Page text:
The Lullaby League: Dormio Animus
Pawn: Glass + Breath
On Dormio Animus, The Lullaby League—San Francisco-based Evan Sornstein (piano, clarinet, atmospherics) and Londoner Jacob Phelps (guitars, bass)—casts a ravishing spell with three meditative ambient-electronic settings that draw upon centuries-old musical and textual materials. Musically, the material is based on “animal fugues” from Michael Maiers' Atalanta Fugiens, while the texts (recited with wry formality by actor Stephen Kemble) come from Mijn Grote Vooruitgang , the private diary written in 1607 by the Dutch Alchemist Pietur Van Zouten. Strip away the tracks' voiceovers and you'd be left with Eno-styled ambient settings filled with softly tinkling pianos and deep streams of guitars and electronics and that are as peaceful and lush as they are time-suspending; include Kemble's recitation and you've got arresting reflections on rebirth, knowledge, identity, and time that suggest autumnal musings recorded by a medieval scientist-philosopher in his study while a fireplace crackles. The Lullaby League's stated pledge is to “weave soft, secret tales of beauty and vibrancy for children and parents alike,” and it's a pledge Dormio Animus realizes in the most arresting manner imaginable.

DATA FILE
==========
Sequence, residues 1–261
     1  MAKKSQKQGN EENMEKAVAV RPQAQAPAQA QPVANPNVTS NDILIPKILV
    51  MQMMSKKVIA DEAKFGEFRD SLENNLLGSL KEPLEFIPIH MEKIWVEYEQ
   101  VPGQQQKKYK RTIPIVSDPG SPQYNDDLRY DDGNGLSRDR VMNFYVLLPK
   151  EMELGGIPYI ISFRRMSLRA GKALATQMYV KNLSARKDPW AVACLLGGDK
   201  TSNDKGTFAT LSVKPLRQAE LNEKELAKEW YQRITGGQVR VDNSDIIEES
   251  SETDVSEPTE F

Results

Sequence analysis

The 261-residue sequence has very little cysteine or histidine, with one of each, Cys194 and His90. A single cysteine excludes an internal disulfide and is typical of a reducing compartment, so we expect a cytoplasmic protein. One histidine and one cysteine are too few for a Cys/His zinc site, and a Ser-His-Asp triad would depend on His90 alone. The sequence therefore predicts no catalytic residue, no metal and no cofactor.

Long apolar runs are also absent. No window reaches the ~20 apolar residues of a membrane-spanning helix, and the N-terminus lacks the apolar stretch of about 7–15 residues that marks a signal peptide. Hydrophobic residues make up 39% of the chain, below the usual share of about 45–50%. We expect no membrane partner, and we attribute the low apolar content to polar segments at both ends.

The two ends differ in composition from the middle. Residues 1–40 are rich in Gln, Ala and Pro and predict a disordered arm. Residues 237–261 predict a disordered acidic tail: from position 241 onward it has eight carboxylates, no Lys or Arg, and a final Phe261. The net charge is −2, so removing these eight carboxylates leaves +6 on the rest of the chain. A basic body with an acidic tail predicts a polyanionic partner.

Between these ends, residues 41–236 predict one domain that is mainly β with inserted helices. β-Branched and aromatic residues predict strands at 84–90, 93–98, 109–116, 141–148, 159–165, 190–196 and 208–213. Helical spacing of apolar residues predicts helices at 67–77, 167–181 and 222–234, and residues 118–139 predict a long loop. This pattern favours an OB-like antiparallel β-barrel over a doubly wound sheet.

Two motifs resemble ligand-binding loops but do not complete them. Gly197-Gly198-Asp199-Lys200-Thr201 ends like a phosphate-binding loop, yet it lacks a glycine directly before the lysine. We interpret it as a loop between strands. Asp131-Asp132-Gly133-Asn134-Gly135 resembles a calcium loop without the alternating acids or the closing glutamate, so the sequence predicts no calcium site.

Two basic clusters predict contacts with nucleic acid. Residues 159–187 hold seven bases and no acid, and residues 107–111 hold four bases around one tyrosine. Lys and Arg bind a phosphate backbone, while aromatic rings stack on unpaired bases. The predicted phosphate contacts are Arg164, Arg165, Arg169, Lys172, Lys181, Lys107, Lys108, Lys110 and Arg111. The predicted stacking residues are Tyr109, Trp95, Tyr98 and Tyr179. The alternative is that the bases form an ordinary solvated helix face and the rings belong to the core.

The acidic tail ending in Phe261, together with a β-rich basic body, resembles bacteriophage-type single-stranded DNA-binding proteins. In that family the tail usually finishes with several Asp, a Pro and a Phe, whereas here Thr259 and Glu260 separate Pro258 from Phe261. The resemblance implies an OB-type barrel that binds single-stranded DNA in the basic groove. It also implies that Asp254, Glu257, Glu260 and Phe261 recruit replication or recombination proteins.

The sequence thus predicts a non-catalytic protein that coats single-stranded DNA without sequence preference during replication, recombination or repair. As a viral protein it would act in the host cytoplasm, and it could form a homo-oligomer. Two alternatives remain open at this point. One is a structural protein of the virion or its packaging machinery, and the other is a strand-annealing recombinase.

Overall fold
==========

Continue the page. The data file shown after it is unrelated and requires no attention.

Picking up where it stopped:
Following mere months after the release of the Symbolic Interaction release, Kitchen, Pawn's Glass + Breath is the more satisfying of the two, in part because the earlier disc included only four originals (supplemented by four remixes) and thus provided only a modest sketch of Hideki Umezawa's talents. Much as he did on Kitchen, Umezawa again uses real-world samples recorded in his apartment (tea cups, household items, and assorted other found sounds) and stairwell to generate restless and detail-heavy electroacoustic set-pieces. A track title such as “Glass + Wind Bells” hints at the sound sources involved, while the very title “It's Always Around Us” conveys the resourceful aesthetic Umezawa deploys in generating his material. “Glass” figures into the title of four of the seven pieces, so it's no surprise that the material often shimmers radiantly. “Field” features bird chirps and glockenspiel tinkles, and “Cloud Tap” is a whirlpool of rustling, rattling, tinkling, and sci-fi electronic tones, but most of Pawn's limpid settings feature slow-motion whorls of glassy shimmer and softly flickering electronics.
Finally, no commentary on these Dynamophone releases would be complete without mention of their design, as the label again distinguishes itself from the competition by housing the discs in beautiful, circular tin cases.